Anne Rice Talks Bloodsuckers And Books

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annericefeature_120216-atlantisAmid all the hoopla about the vampire trend of the past decade plus that was best encompassed by the Twilight and True Blood series and more recently, Guillermo del Toro and Chuck Hogan’s The Strain, it’s easy to forget that author Anne Rice was way ahead of the curve on all this. Not only did she drop her Interview With the Vampire back in 1976, but she’s subsequently shaped this vision with a series of novels that has found her fictional world making the leap to film, television and even the Broadway stage. Arguably her most popular character is rock-star-turned-vampire royalty Lestat, who returns two years after 2014’s Prince Lestat in Prince Lestat and the Realms of Atlantis (Knopf). Rice’s latest finds her vampire brood intertwining with that oldest of myths—Atlantis. And while she initially started out trying to pen a project about the latter, Lestat proved to help break the New Orleans native’s writer’s block.

“I’ve always been enthralled with Plato’s tantalizing story of the lost kingdom of Atlantis. Reading Graham Hancock’s fascinating book Underworld about the possibility of a worldwide rise in sea levels 12,000 years ago heightened my interest and then there was Edgar Cayce’s amazing reports about Atlantis,” she explained. “It all fed into what became an obsession on my part with doing my own version of the lost civilization. So I developed a book called Born for Atlantis with a whole cast of characters that I loved. But—I was stalled on it until it occurred to me to bring Lestat into the mix, to connect the tragedy of Atlantis with my vampires. It proved magical for me and the new Lestat novel caught fire.”

Anne Rice
Anne Rice

Over the course of five decades, Rice has been prolific and in the process, churned out series centered on witches (Lives of the Mayfair Witches trilogy), angels (Songs of the Seraphim), Jesus (Christ the Lord), werewolves (The Wolf Gift Chronicles) and even erotic novels under the pen names A.N. Roquelaure and Anne Rampling. But it is the Vampire Chronicles that have not only been the bedrock of her canon, but also found her returning to time and time again. It was a seed that was planted growing up thanks to Hollywood.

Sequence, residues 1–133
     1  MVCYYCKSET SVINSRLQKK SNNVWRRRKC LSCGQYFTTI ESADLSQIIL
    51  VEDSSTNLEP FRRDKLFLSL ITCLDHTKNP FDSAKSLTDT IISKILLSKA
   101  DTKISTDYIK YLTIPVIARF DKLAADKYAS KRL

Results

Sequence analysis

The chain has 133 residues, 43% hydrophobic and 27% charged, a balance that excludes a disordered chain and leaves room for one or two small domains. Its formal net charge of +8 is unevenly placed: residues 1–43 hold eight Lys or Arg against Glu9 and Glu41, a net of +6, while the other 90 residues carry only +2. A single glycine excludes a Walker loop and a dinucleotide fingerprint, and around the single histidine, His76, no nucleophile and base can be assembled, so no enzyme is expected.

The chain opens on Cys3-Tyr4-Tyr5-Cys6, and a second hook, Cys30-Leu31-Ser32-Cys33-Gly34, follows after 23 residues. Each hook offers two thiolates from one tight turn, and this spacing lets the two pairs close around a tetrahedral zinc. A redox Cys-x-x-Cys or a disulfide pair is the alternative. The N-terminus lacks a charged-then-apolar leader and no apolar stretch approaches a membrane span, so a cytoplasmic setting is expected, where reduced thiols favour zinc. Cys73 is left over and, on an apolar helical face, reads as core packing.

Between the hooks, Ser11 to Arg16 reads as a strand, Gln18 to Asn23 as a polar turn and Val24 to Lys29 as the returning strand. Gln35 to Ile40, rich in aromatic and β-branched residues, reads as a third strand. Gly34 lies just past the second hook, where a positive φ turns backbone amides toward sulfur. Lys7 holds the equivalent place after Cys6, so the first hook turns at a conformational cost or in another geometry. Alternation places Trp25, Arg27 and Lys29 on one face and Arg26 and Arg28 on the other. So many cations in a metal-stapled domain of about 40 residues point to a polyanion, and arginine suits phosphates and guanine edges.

“As a child, I’d seen a jewel-like black and white film entitled Dracula’s Daughter, the charm and ambiance of which I never forgot. I wanted to explore vampires as tragic figures, beings of heightened sensitivity and awareness cursed by their need to drink human blood,” she recalled “I was also much inspired by a mini-series I saw called Frankenstein, the True Story (1973), penned by Christopher Isherwood, which gave a lush and sensuous treatment to the classic tale. I wanted to write something romantic, erotic and beautiful about vampires. I wanted them to be the focus and to be on their side. That’s how it all started for me.”

annericefeature_120216-carmillaInterestingly enough, Rice had never read Bram Stoker’s Dracula and relied on film as her primary inspiration. It was through this medium that she sought to explore the myth and see where she could take it by writing from the point of view of the vampire himself. Only later would she read Dracula and Sheridan Le Fanu’s Carmilla, which enriched Rice’s understanding of the possibilities of the vampire myth. And rather than focus on the macabre side of these particular types of the undead, she has chosen to romanticize them in a manner that’s made her much loved in the goth community. Credit goes primarily to her fictional Lestat, a character she has returned to on a continual basis.